With Recess Over, Frankel Foresees Minimal Progression of Controversial Legislation
Monday marks the end of summer’s legislative recess – but with elections in less than two months, can much be accomplished?
State Representative Dan Frankel (D – Allegheny) is not optimistic, saying he finds it “doubtful” they will be successful with getting any significant bill passed.
“I don’t think you’ll see any legislation that is ‘big idea’ legislation,” he said. “I think you’ll see mostly legislation that is not controversial – I’m hoping most of it won’t be controversial.”
The legislative calendar only shows 12 voting days remaining this session.
He said with the limited time, it’s difficult to see any overarching, dramatic legislation moving forward before the November 4th election, and many of his colleagues who are in competitive races for reelection are more focused on that.
That’s why Frankel doesn’t predict any forward movement on pension reform – an issue that caused Governor Tom Corbett to line item veto $65 million in General Assembly spending when he signed the new budget.
According to Frankel, there’s no support in the Senate for the pension proposal being pushed by House Republicans, and he doesn’t think the majority of his chamber will pass it, either.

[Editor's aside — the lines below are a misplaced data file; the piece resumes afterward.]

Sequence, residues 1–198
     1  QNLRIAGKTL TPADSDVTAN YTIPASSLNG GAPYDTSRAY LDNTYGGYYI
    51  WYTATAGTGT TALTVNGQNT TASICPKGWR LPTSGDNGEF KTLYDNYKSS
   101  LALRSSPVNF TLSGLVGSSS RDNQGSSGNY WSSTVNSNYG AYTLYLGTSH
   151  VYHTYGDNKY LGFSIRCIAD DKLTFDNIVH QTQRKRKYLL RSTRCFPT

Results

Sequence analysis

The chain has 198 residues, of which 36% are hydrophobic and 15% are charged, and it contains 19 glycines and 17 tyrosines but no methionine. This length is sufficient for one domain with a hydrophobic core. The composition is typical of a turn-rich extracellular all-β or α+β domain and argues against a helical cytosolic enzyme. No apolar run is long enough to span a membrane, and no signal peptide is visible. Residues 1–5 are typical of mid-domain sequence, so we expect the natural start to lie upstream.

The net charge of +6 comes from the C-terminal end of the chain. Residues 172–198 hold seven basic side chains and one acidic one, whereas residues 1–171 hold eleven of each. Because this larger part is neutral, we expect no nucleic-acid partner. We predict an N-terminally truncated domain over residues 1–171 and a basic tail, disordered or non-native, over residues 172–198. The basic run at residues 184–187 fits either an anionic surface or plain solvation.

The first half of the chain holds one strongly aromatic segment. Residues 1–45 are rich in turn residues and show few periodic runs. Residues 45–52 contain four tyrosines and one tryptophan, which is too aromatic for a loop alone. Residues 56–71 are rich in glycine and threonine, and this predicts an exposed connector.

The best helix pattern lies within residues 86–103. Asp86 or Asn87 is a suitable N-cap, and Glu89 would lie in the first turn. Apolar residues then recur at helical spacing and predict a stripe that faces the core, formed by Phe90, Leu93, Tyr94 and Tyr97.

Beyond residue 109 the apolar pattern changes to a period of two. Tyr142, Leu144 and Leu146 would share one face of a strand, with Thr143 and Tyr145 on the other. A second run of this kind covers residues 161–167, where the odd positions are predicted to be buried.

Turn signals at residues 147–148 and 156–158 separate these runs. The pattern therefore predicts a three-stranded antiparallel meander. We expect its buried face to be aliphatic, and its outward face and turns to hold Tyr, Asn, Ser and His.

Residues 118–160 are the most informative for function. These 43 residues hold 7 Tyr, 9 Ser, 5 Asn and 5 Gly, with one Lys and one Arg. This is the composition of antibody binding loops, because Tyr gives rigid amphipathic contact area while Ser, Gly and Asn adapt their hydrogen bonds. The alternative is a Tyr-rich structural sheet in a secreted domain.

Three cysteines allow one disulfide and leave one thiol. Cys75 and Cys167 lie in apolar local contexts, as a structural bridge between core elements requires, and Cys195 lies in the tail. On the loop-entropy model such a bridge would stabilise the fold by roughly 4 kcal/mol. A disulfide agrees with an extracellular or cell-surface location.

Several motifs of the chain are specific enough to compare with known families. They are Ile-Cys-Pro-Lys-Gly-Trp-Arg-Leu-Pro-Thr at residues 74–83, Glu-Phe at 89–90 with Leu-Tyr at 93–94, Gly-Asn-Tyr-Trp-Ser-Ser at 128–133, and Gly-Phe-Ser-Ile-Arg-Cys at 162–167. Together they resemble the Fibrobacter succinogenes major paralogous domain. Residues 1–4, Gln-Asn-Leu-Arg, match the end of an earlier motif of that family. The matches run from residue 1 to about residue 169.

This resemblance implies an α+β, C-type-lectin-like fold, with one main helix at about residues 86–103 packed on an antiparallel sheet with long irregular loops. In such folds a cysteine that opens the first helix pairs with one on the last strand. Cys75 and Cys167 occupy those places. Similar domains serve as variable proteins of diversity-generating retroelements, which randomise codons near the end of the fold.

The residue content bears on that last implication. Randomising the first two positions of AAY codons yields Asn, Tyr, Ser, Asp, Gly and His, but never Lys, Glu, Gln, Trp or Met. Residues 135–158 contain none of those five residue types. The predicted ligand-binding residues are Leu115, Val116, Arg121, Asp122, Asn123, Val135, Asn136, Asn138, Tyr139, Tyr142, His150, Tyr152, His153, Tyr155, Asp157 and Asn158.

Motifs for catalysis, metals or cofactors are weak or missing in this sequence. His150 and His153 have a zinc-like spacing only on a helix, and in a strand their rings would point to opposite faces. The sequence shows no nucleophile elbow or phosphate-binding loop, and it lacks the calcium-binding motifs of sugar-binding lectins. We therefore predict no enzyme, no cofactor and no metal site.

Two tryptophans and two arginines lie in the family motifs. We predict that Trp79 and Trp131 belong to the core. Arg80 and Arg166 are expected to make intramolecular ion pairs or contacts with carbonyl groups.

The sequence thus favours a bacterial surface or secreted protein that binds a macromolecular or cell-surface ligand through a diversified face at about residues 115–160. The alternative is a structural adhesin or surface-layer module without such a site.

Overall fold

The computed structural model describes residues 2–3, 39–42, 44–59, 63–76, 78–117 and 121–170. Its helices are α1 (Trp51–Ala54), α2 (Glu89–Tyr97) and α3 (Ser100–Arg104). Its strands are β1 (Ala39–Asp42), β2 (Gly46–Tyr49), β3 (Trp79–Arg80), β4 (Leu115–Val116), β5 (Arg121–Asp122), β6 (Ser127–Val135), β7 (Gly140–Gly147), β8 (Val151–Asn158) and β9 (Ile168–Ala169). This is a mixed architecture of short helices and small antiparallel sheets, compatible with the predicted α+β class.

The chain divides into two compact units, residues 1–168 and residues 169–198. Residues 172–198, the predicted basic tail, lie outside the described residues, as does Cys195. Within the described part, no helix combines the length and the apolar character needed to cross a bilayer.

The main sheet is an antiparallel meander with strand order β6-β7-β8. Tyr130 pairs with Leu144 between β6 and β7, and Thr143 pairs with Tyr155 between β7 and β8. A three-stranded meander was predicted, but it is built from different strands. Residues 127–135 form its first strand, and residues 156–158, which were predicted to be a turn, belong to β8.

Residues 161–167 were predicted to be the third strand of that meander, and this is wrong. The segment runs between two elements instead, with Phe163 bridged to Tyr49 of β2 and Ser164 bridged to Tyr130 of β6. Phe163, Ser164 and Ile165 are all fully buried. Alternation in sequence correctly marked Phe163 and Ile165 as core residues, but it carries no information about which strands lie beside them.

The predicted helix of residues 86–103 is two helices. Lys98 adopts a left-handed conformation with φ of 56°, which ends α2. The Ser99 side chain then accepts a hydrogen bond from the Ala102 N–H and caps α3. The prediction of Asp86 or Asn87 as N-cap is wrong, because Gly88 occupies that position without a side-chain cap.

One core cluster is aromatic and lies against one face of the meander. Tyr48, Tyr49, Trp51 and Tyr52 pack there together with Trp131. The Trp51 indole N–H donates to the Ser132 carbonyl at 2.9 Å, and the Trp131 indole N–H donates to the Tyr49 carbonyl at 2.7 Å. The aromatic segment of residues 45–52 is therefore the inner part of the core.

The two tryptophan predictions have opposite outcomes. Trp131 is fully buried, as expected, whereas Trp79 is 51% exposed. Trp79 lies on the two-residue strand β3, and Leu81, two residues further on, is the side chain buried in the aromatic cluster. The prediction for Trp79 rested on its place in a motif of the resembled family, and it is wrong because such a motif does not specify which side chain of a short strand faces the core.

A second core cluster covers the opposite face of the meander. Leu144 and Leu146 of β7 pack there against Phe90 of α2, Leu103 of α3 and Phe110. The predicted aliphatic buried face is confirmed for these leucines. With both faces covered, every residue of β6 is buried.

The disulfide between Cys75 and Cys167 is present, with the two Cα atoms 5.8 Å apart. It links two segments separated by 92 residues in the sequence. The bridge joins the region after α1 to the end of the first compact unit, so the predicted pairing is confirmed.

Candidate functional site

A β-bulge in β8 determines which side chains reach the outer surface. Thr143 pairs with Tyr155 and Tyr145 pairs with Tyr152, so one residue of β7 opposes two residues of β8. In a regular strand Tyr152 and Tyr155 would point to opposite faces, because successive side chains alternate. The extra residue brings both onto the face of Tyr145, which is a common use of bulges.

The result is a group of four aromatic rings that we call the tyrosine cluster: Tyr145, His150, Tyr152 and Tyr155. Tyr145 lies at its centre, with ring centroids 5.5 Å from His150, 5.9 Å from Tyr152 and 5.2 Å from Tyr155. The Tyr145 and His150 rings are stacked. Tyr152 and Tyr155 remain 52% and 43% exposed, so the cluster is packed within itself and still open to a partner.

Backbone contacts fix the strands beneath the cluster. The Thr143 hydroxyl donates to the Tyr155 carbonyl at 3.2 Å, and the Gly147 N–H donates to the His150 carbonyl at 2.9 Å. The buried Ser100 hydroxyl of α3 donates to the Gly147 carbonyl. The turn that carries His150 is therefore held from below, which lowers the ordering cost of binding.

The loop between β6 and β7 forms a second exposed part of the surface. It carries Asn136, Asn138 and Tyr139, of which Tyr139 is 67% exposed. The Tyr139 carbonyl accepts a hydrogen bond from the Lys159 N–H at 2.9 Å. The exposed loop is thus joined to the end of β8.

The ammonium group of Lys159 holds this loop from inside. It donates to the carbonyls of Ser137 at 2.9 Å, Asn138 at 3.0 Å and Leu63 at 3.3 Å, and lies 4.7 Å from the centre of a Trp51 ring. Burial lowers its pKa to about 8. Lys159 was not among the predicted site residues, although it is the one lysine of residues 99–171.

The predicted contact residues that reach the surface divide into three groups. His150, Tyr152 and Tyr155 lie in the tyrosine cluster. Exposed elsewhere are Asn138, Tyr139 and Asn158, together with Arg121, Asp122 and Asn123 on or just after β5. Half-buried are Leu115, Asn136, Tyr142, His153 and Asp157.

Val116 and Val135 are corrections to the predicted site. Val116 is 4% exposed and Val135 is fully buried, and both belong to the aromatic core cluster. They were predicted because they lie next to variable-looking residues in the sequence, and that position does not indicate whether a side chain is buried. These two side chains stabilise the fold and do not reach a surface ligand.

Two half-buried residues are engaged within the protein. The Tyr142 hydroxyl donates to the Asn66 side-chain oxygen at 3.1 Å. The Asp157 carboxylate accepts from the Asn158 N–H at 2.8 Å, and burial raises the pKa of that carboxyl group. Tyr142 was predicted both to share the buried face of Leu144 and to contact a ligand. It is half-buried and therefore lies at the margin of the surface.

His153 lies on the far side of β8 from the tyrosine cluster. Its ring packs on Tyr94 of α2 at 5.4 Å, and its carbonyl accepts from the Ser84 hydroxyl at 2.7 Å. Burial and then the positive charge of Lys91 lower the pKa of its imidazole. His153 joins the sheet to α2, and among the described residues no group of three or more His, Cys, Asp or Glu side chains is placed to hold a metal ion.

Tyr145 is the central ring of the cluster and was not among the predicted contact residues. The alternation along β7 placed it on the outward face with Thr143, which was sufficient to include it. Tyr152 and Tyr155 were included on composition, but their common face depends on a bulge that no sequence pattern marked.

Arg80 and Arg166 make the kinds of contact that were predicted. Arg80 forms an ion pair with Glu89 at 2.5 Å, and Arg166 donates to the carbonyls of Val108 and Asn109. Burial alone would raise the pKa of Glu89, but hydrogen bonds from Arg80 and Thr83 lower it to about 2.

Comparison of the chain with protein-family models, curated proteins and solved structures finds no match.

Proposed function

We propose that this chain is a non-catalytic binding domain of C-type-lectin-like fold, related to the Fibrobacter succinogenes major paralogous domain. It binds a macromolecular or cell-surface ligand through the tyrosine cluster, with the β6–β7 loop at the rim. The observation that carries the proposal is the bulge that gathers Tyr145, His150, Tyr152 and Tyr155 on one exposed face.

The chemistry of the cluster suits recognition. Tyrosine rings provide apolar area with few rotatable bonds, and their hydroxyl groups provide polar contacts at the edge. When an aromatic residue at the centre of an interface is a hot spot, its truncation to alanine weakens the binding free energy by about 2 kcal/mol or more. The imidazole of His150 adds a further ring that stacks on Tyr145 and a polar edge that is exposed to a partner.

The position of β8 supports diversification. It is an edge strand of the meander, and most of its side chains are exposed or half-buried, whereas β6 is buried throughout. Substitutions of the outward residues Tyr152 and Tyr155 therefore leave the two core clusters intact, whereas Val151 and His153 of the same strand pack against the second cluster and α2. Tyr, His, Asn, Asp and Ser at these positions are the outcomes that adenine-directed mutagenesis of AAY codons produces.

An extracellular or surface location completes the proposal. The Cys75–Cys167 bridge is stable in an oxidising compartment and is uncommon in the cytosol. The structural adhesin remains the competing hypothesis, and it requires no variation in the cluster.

“The proposal that we have seen I think actually creates a higher unfunded liability and in the pension system in the long run,” Frankel said. “And it’s quite controversial, and I don’t think that…there is consensus certainly within the House itself, and there certainly isn’t consensus with the other chamber.”
The state faces a $50 billion pension debt.
He believes a better investment climate and Act 120 will significantly help the pension issue over time.
Act 120, a package of reforms passed in 2010, refinanced Pennsylvania’s existing pension debt and reduced benefits for future employees.
Frankel also doesn’t foresee liquor privatization or Medicaid expansion legislation moving forward.
“I have a piece of legislation that’s been in the docket for a number of months that would expand Medicaid to the uninsured in this state – 600,000 people – in a way that the rest of the country is moving, heading into it instead of the HealthyPA proposal that the governor has,” Frankel said.
Corbett’s plan called for using federal dollars to subsidize private health insurance and – along with some adjustments – was approved by the federal government in August.
Frankel believes gubernatorial candidate Tom Wolfe supports his Medicaid legislation over what he called the “watered down” version.
But again, he doesn’t expect his proposal to get considered on the House floor before election, so he hopes to see it reinitiated afterwards.